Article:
The panoply of references contained within William Buchina’s acrylic and ink paintings serve both to reveal and to obscure their own complex meanings. The works share visual similarities with Victorian etchings or even contemporary graphic novels, but close observation of their details reveal Buchina’s Surrealist leanings. He creates dystopian narrative scenes, culling imagery from innumerable sources, building satirical mash-ups. The process of finding the disparate source material is as significant to Buchina’s art making as actually applying materials to canvas. At the intersection of his collection of found objects, old and new, Buchina builds layered compositions that challenge both the mind and the eye.
Buchina’s new work depicts assemblies and crowds seemingly gathered for religious, political, or marshal purposes. His cramped compositions convey the hectic and slightly unreal quality of the assembled mob. These figures have been culled from various print media and historical sources, chosen from the artist’s vast archive of visual source material. Buchina collectively transforms his sources through drawing and his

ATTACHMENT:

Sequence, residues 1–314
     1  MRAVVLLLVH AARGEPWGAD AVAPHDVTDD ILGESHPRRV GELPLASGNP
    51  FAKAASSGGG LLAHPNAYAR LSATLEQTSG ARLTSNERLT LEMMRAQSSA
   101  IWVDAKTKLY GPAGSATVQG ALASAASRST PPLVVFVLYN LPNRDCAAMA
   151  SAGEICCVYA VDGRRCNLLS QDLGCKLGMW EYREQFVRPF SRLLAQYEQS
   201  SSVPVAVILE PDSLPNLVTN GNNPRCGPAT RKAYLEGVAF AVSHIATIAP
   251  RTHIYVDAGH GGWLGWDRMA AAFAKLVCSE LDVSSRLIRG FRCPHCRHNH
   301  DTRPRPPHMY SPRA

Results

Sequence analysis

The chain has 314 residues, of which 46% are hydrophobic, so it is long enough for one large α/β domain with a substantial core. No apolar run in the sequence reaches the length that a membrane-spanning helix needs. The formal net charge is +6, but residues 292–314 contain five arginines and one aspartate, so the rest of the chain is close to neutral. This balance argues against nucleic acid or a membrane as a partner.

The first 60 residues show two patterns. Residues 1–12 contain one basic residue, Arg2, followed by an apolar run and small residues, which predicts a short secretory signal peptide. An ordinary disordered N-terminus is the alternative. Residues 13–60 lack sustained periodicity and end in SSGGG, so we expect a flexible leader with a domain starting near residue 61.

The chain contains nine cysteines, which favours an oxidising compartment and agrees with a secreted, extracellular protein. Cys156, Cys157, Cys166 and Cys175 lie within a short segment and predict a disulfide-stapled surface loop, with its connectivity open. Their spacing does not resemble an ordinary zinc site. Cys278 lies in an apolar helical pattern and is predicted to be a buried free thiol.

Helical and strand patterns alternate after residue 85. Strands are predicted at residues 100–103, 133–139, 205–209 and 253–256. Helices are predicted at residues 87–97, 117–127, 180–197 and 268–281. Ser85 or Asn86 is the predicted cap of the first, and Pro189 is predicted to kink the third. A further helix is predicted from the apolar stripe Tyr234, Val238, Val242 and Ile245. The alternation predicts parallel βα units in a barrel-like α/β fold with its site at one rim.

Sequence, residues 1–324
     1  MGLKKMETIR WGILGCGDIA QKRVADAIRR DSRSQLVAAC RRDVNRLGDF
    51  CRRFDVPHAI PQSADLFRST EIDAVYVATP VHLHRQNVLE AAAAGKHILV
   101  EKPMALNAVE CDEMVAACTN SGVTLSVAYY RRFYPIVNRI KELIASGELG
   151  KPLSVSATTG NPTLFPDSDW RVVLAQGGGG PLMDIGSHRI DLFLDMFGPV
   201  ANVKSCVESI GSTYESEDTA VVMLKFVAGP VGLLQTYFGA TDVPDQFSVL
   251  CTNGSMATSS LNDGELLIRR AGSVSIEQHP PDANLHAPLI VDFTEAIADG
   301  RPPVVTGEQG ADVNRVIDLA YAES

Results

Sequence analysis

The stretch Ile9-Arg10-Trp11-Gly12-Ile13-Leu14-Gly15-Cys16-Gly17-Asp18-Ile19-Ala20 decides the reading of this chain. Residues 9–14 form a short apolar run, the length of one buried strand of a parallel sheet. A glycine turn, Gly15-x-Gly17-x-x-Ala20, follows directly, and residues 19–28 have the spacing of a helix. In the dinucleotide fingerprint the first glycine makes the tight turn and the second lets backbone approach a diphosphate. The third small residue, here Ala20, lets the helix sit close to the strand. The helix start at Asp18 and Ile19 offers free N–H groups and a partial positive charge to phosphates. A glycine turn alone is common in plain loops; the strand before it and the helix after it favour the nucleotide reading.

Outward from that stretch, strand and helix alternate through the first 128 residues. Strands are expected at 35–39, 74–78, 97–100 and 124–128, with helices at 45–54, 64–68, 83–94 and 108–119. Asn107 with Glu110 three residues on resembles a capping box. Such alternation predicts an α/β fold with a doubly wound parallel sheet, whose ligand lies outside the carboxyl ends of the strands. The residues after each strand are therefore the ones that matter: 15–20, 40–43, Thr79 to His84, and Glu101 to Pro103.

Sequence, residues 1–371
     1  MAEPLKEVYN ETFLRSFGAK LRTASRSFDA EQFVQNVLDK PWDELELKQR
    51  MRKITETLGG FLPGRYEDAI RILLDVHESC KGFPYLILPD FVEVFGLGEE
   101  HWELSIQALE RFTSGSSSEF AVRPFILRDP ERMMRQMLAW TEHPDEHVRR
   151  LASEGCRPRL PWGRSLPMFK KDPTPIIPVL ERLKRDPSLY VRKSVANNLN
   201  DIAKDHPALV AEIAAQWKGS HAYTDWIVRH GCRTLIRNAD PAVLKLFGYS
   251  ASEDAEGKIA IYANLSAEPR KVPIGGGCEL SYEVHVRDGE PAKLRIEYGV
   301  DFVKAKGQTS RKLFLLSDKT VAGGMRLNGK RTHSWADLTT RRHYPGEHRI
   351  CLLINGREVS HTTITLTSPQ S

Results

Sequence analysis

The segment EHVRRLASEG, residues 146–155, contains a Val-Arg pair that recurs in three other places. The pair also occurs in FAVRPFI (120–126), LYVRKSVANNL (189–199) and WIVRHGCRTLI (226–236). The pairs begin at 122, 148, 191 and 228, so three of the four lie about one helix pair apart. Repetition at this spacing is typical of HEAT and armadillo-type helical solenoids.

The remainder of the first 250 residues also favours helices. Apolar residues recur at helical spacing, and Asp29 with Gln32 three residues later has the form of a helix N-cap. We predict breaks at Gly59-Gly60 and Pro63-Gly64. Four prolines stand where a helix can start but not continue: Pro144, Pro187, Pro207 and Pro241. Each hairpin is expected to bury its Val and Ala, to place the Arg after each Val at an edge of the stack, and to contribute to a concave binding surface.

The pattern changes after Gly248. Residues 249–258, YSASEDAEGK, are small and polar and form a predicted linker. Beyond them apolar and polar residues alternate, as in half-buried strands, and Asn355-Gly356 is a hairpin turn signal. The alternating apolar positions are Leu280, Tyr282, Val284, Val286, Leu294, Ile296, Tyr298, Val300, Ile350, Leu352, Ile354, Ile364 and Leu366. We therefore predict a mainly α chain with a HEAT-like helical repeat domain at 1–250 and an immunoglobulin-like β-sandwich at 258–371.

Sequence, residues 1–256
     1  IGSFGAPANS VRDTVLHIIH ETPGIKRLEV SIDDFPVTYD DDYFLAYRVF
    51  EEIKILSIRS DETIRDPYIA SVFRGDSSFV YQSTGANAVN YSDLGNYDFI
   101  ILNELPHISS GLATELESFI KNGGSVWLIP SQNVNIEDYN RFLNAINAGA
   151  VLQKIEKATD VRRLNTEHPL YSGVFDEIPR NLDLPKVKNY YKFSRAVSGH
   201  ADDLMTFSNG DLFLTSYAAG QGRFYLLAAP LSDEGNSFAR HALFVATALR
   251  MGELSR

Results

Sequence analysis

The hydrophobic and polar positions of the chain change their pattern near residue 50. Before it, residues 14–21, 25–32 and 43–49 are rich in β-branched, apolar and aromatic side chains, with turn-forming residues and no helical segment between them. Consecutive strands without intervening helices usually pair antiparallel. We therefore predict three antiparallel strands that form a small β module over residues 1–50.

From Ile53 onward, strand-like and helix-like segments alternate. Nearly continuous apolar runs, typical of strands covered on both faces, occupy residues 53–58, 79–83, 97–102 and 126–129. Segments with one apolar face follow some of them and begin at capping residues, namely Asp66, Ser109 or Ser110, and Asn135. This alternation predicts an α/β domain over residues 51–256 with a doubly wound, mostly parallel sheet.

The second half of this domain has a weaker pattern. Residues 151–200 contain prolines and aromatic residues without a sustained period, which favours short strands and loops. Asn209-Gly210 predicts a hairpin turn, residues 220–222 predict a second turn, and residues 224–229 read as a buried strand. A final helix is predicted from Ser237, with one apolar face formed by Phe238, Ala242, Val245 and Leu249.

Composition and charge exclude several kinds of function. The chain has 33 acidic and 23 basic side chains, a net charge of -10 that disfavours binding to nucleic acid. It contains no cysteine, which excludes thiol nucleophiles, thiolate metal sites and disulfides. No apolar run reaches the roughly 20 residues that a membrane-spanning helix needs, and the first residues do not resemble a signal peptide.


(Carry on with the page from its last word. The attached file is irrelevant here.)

signature stark black and white acrylic. Many of the faces in the crowd are obscured by masks, signs, or abstract forms, heightening the sense of mystery. Buchina draws inspiration from the rituals of religious ceremony and fraternal orders, adapting their gestures and symbols to his own surreal scenes. Though the diverse imagery coheres into a formally powerful and intriguing whole, no strict narrative is formed within Buchina’s compositions; he leaves enough ambiguity for the viewer to infuse the work with their own meaning.
William Buchina has been featured in solo gallery exhibitions in New York and Brooklyn, as well as Upstate New York and abroad, and has been the subject of profiles in Interview and The New York Times Magazine. Buchina lives and works in Upstate New York.
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